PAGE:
The Hollywood Reporter has gathered some of the top A-list TV drama actresses for their latest roundtable discussion about Hollywood and beyond.
Michelle Williams (“Fosse/Verdon”), Niecy Nash (“When They See Us”), Emilia Clarke (“Game Of Thrones”), Patricia Arquette (“Escape At Dannemora”), Christine Baranski (“The Good Fight”) and Danai Gurira (“The Walking Dead”) are opening up about speaking their minds and putting their feet down when it comes to career asks.
“I don’t want to travel for work,” says Williams. “I’ve somehow managed to work out of New York for the past seven years. My daughter has stayed in the same school with the same friends, and that’s a super high priority for me.”
“Don’t want to play a cranky old lady, don’t want to play a b**ch — or a powerful woman who, because she’s powerful, is a b**ch,” Baranski says. “You know, all the stereotypes about older women. Nope.”
Adds Nash: “I don’t want to be a sassy black anything. I don’t want to be a sassy black mama, a sassy black neighbour or a sassy black friend. There are so many more notes to be played.”
For Clarke, knowing that she didn’t want to be in a movie that would require multiple sequels and nudity kept her out of “Fifty Shades Of Grey”.
“[T]he last time that I was naked on camera on [‘Game of Thrones’] was a long time ago, and yet it is the only question that I ever get asked because I am a woman,” Clarke responds. “And it’s annoying as hell and I’m sick and tired of it because I did it for the character — I didn’t do it so some guy could check out my tits, for God’s sake. So, that coming up, I was like, “I can’t.” I did a minimal amount and I’m pigeonholed for life, so me saying yes to that, where the entire thing is about sensuality and sex and being naked and all of that stuff, I was just like, “No way am I going to voluntarily walk into that situation and then never be able to look someone in the eye and be like, ‘No, you can’t keep asking me this question.'”
For Oscar-winner Arquette, gaining weight for her award-winning role in “Escape At Dannemora” brought about different challenges as she likens the experience to becoming an “invisible person.”
“Like, they would just get in front of you in line or you’d be standing there at the counter, waiting for a long time, and nobody would come to help you. Like, ‘Oh, you’re just kind of a matronly, dumpy, middle-aged lady, so you don’t exist in the world,'” she says. Arquette says that gaining weight for the character also gave her new avenues to explore, especially with some sexually-charged scenes in the drama.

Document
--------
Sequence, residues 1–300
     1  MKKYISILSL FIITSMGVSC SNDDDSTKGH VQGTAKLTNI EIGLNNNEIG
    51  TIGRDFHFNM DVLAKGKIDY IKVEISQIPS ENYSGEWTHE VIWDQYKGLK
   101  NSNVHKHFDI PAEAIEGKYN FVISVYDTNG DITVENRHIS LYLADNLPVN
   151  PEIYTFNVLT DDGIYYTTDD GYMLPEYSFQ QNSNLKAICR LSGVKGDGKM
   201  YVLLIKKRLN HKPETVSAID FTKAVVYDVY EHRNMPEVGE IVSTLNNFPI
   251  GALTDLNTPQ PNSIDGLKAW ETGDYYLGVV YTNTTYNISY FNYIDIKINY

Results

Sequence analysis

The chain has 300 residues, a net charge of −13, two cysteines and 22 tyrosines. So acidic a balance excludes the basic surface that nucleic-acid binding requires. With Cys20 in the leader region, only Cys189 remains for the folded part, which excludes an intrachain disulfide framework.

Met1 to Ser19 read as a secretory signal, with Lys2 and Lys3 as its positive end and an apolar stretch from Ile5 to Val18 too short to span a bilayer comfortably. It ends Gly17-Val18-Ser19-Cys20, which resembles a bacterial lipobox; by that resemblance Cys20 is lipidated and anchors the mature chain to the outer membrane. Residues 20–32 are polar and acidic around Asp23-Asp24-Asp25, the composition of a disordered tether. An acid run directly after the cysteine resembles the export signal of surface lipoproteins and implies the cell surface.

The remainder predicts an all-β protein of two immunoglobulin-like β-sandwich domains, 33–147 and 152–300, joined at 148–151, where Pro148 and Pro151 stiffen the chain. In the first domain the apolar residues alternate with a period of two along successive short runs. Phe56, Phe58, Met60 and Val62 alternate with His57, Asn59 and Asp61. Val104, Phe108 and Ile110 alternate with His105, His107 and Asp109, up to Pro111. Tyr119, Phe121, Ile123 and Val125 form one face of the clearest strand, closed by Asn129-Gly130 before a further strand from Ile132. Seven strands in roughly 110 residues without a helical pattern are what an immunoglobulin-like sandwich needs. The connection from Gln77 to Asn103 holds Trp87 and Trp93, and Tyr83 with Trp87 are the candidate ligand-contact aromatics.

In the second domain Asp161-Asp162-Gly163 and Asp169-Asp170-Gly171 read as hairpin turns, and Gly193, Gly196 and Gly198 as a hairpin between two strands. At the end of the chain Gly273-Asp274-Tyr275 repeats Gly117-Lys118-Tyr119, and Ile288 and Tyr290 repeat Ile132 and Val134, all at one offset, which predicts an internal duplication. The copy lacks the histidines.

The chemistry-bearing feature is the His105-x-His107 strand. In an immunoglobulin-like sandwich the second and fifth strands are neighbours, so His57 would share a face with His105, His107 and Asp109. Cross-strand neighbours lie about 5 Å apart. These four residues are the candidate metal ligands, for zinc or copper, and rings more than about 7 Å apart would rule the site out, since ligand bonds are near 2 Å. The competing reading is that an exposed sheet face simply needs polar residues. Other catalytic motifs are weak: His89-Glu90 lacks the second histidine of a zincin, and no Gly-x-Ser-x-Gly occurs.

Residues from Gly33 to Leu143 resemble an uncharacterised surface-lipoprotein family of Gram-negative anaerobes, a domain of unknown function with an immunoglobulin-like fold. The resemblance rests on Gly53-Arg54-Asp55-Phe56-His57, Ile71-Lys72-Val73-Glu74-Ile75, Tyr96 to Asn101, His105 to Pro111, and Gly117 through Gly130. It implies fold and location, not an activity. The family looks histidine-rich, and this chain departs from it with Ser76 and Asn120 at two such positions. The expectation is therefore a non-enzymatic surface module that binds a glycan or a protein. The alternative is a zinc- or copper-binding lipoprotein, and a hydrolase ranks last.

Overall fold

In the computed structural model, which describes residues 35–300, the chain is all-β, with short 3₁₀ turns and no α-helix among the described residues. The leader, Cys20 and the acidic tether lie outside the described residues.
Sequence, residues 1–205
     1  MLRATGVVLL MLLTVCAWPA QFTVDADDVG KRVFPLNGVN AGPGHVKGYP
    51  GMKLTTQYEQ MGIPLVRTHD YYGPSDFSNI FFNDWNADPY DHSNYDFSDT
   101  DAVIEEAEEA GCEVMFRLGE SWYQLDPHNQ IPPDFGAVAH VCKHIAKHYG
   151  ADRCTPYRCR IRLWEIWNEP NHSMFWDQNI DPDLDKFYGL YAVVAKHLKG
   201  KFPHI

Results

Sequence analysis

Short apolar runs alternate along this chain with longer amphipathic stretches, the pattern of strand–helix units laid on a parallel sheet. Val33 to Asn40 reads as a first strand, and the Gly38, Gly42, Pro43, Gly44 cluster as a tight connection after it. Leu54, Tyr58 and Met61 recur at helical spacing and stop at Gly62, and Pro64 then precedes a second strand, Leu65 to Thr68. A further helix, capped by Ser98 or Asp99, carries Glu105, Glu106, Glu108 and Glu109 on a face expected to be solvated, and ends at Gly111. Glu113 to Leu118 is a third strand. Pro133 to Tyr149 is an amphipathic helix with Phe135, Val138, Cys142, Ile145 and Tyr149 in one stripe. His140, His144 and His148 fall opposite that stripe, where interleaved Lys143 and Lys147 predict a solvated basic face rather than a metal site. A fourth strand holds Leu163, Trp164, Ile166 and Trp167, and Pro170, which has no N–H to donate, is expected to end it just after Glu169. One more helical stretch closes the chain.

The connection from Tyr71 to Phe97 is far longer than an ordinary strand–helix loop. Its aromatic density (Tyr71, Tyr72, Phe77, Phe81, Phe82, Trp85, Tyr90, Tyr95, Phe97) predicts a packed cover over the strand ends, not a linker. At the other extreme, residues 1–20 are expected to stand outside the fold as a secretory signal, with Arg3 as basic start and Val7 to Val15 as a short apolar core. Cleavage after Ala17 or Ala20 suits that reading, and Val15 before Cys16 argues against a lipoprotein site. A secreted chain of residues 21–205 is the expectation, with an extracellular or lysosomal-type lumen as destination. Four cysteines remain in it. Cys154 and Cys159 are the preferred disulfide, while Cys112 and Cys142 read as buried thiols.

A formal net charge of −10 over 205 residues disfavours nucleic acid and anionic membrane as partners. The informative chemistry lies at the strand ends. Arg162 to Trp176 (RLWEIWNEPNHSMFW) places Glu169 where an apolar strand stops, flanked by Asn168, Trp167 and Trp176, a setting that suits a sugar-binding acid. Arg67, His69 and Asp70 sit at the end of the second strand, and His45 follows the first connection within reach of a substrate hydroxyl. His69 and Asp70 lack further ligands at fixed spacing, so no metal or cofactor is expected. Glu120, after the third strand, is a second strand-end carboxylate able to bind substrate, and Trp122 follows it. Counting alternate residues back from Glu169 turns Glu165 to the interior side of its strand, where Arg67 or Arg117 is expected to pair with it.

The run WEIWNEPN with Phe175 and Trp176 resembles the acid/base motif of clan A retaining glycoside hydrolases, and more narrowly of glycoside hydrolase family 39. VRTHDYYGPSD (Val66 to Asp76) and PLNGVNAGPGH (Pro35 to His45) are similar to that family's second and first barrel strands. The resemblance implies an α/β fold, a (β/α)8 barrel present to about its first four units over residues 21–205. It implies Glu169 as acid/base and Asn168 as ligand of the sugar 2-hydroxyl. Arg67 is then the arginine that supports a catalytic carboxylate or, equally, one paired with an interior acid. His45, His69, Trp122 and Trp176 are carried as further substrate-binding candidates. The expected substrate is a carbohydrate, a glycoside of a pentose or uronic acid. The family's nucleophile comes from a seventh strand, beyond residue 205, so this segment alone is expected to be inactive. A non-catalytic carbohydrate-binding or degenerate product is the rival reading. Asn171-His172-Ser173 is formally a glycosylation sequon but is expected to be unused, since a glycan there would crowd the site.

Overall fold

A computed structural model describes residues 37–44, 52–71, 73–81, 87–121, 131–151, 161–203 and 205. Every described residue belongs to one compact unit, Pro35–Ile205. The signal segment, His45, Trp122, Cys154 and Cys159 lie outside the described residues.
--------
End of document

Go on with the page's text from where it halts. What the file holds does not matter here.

“I’m going to gain a bunch of weight and my boobs are going to be giant, and my stomach. And this is the first love scene where, no, I’m not wearing any body makeup and I don’t care that it’s high def,” she tells THR. “And, yeah, it’s all a nightmare, but I really wanted to [explore], ‘Who’s allowed to be sexual now in this culture? What body type do we have to have?'”
Arquette also admits she was asked to lose weight during her time on “Medium”.
She says, “I had an argument with one of the producers on ‘Medium,’ who told me I should lose weight. I was like, ‘This lady is a mother, she’s married, she’s got three kids. No.’ But there’s that expectation of looking a certain way. Like, ‘OK, you could be 40, but you’ve got to be a 40 who looks 30.’”
Off-camera, Williams has become the face of the gender pay gay following the much-publicized discrepancy between her salary and co-star Mark Wahlberg’s on “All The Money In The World”.
“I went to D.C. recently to speak on pay equality… and something that was interesting that was said to me there was that they were so grateful for me coming to tell this story because when you’re talking about $10 versus $14, people have a hard time hearing the difference. But when you use an example as extreme as mine, it really [drives it home],” the actress explains, calling the opportunity to draw attention to the gender pay gap “the most exciting and important thing that I’ve ever been involved in.”
“I’m so moved personally and professionally to have found my place in the conversation and my voice through the conversation and to feel like I’ve grown up inside of the conversation. It’s the thing I’ll feel the closest to, more than any work I’ve ever done,” she adds.